2.3. Definition of Time-Averaged Wall Shear Stress and Oscillatory Shear Index
Wall shear stress plays an important role in graft patency after CABG . The oscillatory shear index (OSI) is a measure which allows quantifying the change in direction and magnitude of the wall shear stress . And areas of high OSI are predisposed to endothelial dysfunction and atherogenesis . Therefore, time-averaged wall shear stress (TAWSS) and OSI were calculated according to their expressions : where is the wall shear stress vector, is the time period of the flow cycle, and is the wall shear stress for Poiseuille flow at the mean flow Reynolds number. OSI ranges from 0 to 0.5, where 0 describes a total unidirectional wall shear stress and 0.5 means an oscillatory shear flow with a net amount of zero wall shear stress .
3.1. Flow Pattern
Three typical times including 0.05 s, 0.55 s, and 0.75 s are assigned for the analysis of the flow details. The flow velocity vector maps in the middle section of the five conditions are shown in Figure 3. It is obvious that the flow velocity distributions in the proximal LAD and ITA were mainly influenced by the flow conditions on LAD and ITA inlets, respectively. The higher the degree of LAD stenosis was, the lower the mean velocity in the proximal LAD artery was. And the opposite phenomena were observed in the bypass graft.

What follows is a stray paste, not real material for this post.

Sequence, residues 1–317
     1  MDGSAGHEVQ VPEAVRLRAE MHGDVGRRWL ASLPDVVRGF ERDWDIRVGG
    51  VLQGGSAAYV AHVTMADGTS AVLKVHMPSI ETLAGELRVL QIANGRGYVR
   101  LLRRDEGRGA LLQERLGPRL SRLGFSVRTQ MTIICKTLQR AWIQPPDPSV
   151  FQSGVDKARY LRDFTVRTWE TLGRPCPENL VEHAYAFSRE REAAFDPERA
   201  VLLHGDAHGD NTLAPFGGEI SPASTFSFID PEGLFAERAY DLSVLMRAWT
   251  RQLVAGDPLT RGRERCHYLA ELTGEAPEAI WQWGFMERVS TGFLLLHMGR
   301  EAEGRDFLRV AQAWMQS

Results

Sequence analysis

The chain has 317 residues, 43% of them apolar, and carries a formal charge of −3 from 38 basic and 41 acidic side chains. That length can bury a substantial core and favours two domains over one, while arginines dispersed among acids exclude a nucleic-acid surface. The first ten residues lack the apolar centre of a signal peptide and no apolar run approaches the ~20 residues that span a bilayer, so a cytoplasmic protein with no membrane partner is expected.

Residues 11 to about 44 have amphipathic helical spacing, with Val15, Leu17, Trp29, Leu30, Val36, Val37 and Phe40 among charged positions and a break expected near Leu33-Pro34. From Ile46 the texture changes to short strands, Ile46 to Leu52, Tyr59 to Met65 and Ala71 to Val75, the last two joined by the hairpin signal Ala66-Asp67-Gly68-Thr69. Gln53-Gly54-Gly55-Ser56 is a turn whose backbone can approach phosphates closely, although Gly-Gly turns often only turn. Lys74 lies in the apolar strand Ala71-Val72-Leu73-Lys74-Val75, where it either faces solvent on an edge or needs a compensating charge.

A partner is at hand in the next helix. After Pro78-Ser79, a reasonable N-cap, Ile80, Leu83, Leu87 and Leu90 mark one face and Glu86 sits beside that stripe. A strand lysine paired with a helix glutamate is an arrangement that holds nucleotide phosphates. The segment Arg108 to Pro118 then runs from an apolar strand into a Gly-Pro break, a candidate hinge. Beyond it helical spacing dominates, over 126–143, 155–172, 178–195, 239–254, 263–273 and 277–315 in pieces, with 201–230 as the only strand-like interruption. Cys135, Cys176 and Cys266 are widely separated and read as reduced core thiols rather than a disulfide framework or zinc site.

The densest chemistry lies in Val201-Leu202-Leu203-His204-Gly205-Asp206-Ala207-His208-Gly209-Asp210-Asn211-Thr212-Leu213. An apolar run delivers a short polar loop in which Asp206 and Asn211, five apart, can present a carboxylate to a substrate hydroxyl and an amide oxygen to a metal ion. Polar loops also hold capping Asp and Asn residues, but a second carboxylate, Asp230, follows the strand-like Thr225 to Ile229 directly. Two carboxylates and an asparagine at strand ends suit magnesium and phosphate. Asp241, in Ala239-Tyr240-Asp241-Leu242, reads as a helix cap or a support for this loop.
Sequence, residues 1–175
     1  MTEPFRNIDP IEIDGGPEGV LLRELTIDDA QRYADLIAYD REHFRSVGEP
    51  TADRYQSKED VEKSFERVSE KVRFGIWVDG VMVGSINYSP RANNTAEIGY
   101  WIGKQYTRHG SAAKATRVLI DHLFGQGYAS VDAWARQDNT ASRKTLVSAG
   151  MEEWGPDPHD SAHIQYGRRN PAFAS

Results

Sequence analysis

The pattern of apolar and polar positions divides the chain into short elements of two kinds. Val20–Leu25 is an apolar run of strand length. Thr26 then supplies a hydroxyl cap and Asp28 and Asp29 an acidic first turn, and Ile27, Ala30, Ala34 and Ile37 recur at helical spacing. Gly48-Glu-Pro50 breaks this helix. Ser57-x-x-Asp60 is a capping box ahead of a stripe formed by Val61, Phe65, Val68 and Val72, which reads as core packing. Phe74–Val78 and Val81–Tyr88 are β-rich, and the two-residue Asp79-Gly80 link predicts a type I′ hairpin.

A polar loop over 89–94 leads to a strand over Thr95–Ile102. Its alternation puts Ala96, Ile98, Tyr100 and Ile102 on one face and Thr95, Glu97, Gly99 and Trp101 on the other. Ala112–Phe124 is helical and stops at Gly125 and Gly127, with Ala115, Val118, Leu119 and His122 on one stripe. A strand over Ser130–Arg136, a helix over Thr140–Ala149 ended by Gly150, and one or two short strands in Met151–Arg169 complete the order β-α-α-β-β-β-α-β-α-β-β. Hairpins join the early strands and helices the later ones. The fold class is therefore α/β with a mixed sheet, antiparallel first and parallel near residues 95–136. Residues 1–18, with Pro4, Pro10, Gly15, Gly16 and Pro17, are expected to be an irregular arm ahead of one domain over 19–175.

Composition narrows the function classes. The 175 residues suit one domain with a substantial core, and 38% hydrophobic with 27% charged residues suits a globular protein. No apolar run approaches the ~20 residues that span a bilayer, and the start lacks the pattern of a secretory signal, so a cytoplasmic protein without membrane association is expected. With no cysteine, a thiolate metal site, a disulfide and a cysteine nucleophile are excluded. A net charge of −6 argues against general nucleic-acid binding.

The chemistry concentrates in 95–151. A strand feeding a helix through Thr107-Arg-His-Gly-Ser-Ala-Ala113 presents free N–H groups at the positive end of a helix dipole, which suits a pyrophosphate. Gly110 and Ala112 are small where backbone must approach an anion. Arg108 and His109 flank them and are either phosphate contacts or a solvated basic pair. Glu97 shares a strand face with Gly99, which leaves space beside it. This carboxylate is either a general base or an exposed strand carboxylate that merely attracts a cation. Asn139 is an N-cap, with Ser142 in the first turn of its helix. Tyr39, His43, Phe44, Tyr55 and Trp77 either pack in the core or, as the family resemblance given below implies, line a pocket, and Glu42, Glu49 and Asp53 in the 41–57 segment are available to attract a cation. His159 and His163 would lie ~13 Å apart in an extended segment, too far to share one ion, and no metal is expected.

At the initial and final periods of the cardiac cycle when the stenosis was lower than 50%, obvious reverse flow was observed in ITA (Figure 2). This would result in lower velocity flow or even reverse flow in the distal LAD artery (Figure 3). However, this phenomenon was hardly observed when the stenosis was higher than 75%. The flow velocity distributions were different according to different inlet conditions, especially near the anastomotic region where disturbed flows, including flow recirculation and flow separation, were observed.
3.2. Wall Shear Stress Distributions
The wall shear stress distributions in the five conditions are shown in Figure 4. Obviously, the highest wall shear stresses are all concentrated on the toe or bed of the anastomosis. The quick variation of wall shear stress mainly appeared near the anastomosis region. The TAWSS and OSI were calculated in the bypass graft, as Figure 5 shows. The TAWSS ranged from 0.1–0.24 Pa, while OSI ranged from 0.02–0.25 for the five conditions.
The purpose of this study is to investigate the physiological effect of competitive flow on hemodynamics in coronary artery bypass graft. Different degrees of the competitive flow caused by different LAD stenosis were studied in this study.
The flow results shown in Figure 3 revealed that the flow details in the bypass graft were mainly affected by their inlet flow conditions. No disturbed flow was observed inside of each graft except the region near the anastomosis. This may indicate that the degree of competitive flow has significant influence on the flow pattern near the anastomosis. Obvious reverse flow was observed in ITA in the higher, secondary and reduced competitive flow, and this would result in lower velocity flow or even reverse flow in the distal LAD artery. This coincides with the research from Bezon et al. and Berger et al. who reported that the patency rate of the internal thoracic artery to the left anterior descending artery bypass is reduced by competitive flow [15, 16].